A journalist is found dead at his home in London. Not long ago he used to work at the News of the World. One instantly assumes this might be suicide. If he just hadn't worked at the News of The World. Something is no longer rotten in Denmark. Something is rotten in UK. What is actually going on here?
There is an ongoing shift from hard news to soft news. When the previous Editor in Chief Brooks explains the production process in the news paper she once used to run as Editor in Chief, one absolutely does not believe her. I do not believe that she and other editors were not involved in the sewage drain system. Of course they were. Anyone with the slightest idea of how a news organization works, knows this very well: that journalists are cells of an organizational body, and if there's a risk of getting dragged into the non-paid blame belonging to an editor, they will inform their bosses thoroughly of any complications. Although most journalists of any news room is, in my opinion, far too loyal to the system, they will find ways to protect themselves from having to share the organizational responsibility the editors are paid to take.
So what is actually the problem? The problem is this: the journalist is the hand, the editor is the head. It is more likely the hand gets dirty than the head. Something the editor knows. If the editor doesn't want to work in a sewage system, he (in most cases) will call a plumber. If the system is the sewage, the editor needs to take on his (or in this single case: hers) shoulders. Politicians and their rules and laws opened the door for the Murdochian-media business a long time ago, business many honourable journalists have found jobs. But when someone,just like the small child in H.C. Andersens story about the naked king screams: The king is naked, the king is naked, neither the politicians will accept that they actually laid down the ground for tabloidizm of the sewage. Instead they turn towards what they call “the monster with no face”, and blame the monster called “Journalism”. Strangely the same ”monster” they so often have had to face when doing the slightest error with their elected power.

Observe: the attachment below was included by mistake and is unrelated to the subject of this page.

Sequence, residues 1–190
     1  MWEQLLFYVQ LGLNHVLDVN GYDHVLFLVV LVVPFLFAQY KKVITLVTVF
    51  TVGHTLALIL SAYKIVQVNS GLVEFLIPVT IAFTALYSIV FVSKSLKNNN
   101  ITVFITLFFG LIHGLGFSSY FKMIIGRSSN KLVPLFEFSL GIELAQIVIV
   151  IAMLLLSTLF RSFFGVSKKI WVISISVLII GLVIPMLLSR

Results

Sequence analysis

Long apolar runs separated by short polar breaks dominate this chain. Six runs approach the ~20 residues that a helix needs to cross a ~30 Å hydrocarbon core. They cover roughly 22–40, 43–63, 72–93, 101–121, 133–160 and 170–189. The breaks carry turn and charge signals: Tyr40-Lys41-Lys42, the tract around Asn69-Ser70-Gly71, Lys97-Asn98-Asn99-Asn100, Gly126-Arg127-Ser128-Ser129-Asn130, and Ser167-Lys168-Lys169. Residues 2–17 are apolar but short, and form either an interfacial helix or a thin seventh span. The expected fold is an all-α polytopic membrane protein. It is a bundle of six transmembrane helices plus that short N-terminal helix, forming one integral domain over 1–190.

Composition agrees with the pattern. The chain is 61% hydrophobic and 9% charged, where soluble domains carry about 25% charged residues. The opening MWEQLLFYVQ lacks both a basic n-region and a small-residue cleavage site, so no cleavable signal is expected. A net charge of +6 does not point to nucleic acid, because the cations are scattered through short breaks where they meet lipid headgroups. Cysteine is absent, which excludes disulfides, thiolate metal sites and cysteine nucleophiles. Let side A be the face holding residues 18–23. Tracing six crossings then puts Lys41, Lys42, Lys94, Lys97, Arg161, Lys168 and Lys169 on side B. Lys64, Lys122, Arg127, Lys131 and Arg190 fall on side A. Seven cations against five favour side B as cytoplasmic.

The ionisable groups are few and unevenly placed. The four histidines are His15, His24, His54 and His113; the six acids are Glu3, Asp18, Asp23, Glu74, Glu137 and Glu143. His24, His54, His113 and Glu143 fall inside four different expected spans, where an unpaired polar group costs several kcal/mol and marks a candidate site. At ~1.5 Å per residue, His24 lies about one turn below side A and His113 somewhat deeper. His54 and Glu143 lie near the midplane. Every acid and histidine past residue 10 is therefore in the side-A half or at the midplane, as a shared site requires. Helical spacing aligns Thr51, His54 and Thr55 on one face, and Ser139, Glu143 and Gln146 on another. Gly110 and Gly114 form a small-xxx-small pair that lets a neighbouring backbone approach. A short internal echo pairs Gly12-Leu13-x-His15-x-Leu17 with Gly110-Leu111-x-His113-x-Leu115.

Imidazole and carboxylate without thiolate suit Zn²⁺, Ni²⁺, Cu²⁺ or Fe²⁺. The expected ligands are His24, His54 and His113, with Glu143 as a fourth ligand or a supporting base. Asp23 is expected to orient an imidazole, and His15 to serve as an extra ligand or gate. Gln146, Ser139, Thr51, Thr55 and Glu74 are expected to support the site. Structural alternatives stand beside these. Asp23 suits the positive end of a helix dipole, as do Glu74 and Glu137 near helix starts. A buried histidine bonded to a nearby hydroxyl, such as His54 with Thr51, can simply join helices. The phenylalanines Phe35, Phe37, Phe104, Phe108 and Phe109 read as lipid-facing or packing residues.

My point is that in the collaboration of power, the journalists might carry some blame, but of course not all of it, since the system itself needs to stand trial at Old Bailey. The journalists participate in the system. But if Murdochs and Brooks are allowed to run wild in at the same old exclusive power clubs of the British elite establishment, it will happen again. The monster without a face, Journalism, might be a monster, but more often than in this case, it is a more honourable than being credited for.